Then use the measured data to see how efficient the controller actually is.

 

 

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My Li Poly is get charged at 0.8 max.

I will do the measurements as mentioned.

If I need to connect two solar panels, do I simple connect them in parallel?

Thanks

Regards

DJ

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I have added high current Schottky diodes in series with the panels I have put in parallel. Take a high current version to minimize the drop. I suggest getting a 3Amp or more that should ensure that they do not drop to much( reducing the efficiency at lower powers)

 

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Will add them next time i am at the location

 

I simple joined both solar panels together in parallel before inputting it into the controller.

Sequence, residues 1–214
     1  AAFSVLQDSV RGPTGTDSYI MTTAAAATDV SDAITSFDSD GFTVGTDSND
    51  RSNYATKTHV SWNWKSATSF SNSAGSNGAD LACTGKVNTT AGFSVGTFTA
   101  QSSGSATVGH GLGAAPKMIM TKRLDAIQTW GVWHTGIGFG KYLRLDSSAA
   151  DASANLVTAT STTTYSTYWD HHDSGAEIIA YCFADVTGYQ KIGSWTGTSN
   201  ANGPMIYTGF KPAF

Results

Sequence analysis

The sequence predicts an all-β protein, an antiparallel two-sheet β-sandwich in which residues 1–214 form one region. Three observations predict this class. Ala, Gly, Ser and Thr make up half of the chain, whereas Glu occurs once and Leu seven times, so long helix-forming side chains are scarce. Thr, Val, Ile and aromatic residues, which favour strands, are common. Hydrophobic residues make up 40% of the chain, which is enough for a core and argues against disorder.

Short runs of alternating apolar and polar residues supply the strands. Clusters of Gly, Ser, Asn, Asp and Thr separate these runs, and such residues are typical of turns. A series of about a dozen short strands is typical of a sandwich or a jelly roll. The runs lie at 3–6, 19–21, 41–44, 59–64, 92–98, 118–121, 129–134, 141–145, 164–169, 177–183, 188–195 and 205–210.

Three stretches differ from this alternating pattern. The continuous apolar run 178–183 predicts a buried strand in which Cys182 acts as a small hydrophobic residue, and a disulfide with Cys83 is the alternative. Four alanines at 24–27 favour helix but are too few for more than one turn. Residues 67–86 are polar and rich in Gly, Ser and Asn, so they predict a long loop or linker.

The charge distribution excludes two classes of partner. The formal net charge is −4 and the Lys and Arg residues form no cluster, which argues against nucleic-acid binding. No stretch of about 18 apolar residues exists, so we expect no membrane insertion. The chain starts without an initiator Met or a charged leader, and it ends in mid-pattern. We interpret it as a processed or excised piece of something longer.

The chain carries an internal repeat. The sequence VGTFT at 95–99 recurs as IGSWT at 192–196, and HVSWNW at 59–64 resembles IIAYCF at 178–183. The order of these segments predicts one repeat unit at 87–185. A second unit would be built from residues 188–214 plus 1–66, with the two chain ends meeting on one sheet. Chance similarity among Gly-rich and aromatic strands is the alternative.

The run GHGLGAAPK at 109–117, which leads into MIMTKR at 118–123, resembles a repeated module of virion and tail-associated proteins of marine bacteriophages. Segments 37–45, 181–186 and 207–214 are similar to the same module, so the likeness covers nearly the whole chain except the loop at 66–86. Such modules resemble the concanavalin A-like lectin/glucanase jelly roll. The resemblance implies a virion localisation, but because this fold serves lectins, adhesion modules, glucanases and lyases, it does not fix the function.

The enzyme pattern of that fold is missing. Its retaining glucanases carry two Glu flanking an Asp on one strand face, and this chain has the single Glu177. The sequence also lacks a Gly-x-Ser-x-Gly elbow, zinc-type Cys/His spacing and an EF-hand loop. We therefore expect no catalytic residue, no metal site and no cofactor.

Thanks

Regards

DJ

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If you're using the usual MC4 cables and connectors, there are plenty of inline diodes, fuse holders, junction boxes, etc on eBay UK. Makes maintenance easier in the long run.

 

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djoshi wrote:
I simple joined both solar panels together in parallel before inputting it into the controller.

both panels need series "blocking" diodes to prevent backfeed into the other which can damage the panels.

bypass diode (the ones around the panes, are only needed when you put panels in series (to raise the voltage output of the array), some panels have these built in.

Blocking diodes are needed when two or more panels are paralleled to increase the current of the array.

Jim

 

 

(Possum Lodge oath) Quando omni flunkus, moritati.

"I thought growing old would take longer"

 

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Do solar panels light up if they get powered backwards? Serious question...